When Christine dies at the end of Theodor Fontane’s No Way Back, it is felt less as a consequence of her husband Holk’s immorality than a consequence of his stupidity—and that stupidity is in turn felt less as a moral than a historical limitation. On the level of politics and nations, very few can see where they stand in relation to the future of their region of the world, soon to be the object of Bismark’s salvo in Prussian expansion; on the level of society, few can see how hollow and exhausted their friendships and social functions have become; on the level of the family, there is little hope of making the old roles fulfill their promise for the self or loved ones. There is no irritable reaching after renewal either; there is instead comfortable inertia, tinged by fatalism in some and sheer indolence in others. The trouble is not spiritual or moral; Christine possesses spiritual fervor in abundance; nor is the trouble disengagement or alienation, since Holk yearns for the political fray of Copenhagen. The trouble is that Fontane shows a world to which no fervor, fascination, or romance can adhere; it is depleted.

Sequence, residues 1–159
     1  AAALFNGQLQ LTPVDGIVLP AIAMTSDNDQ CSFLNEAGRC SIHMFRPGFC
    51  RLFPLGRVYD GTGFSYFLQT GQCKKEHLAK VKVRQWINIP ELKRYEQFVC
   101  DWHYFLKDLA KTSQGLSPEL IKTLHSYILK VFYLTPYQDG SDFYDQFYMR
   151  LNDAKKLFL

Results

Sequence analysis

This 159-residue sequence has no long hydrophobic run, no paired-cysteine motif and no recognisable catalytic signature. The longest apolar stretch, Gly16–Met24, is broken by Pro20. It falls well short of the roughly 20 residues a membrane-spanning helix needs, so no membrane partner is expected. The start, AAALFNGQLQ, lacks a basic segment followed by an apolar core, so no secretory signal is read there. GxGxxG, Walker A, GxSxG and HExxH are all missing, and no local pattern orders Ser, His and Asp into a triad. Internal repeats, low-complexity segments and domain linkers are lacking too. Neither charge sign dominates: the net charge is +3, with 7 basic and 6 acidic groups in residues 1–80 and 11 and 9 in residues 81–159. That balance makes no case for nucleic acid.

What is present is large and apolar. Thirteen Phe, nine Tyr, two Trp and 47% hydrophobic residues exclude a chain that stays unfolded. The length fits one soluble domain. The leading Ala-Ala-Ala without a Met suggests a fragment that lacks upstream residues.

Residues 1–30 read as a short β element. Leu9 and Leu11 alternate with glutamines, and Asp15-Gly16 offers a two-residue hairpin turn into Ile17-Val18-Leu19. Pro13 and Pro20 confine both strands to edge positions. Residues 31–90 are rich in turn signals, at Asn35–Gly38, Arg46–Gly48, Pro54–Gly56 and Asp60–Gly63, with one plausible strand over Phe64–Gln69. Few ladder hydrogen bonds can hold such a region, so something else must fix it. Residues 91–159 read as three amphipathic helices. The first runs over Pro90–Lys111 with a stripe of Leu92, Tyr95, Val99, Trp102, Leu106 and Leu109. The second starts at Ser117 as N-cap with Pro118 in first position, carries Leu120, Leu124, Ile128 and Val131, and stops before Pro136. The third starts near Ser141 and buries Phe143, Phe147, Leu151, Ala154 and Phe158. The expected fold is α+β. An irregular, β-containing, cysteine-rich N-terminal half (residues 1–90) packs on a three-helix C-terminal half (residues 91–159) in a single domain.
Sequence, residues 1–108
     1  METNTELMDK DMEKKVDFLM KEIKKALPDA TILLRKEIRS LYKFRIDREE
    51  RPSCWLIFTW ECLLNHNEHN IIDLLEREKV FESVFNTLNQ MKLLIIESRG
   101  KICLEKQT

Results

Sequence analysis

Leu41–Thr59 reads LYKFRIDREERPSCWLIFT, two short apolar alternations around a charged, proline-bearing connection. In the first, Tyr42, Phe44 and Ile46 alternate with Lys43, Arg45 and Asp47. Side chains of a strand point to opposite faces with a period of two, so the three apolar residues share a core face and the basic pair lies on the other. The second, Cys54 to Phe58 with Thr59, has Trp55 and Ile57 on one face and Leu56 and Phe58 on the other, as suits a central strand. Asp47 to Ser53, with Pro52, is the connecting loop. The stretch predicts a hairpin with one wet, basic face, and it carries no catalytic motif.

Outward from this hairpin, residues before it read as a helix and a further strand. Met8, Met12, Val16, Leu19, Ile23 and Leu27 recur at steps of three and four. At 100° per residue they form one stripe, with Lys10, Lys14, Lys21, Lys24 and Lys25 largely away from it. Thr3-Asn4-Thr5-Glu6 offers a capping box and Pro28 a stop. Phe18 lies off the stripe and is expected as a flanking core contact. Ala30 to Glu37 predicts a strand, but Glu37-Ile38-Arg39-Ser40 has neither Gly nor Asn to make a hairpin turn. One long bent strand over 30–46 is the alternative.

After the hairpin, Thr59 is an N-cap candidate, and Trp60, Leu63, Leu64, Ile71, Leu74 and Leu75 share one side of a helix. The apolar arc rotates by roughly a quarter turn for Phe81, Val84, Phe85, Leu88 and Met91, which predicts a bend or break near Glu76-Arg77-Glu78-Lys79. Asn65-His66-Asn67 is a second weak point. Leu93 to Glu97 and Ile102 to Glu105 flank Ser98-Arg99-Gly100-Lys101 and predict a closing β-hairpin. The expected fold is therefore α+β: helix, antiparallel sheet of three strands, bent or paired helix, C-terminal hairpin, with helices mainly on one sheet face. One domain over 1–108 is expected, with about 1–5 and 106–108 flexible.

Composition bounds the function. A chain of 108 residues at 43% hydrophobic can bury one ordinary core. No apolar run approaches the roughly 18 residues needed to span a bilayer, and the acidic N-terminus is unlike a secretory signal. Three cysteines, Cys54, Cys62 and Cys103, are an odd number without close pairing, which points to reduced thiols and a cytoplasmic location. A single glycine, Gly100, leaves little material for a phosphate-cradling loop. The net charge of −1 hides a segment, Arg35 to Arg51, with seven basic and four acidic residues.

But the novel expresses this depletion not by satire or tragedy; not even by comedy; it expresses it by pale romance and fruitless plotting. Christine’s death, perhaps tragic in the hands of another author, can find no source of illumination requisite for tragedy in Fontane’s world. It feels instead like a final humiliating consequence of Holk’s blunders, the result of his incontinence of the will and his inability to see aright his own situation.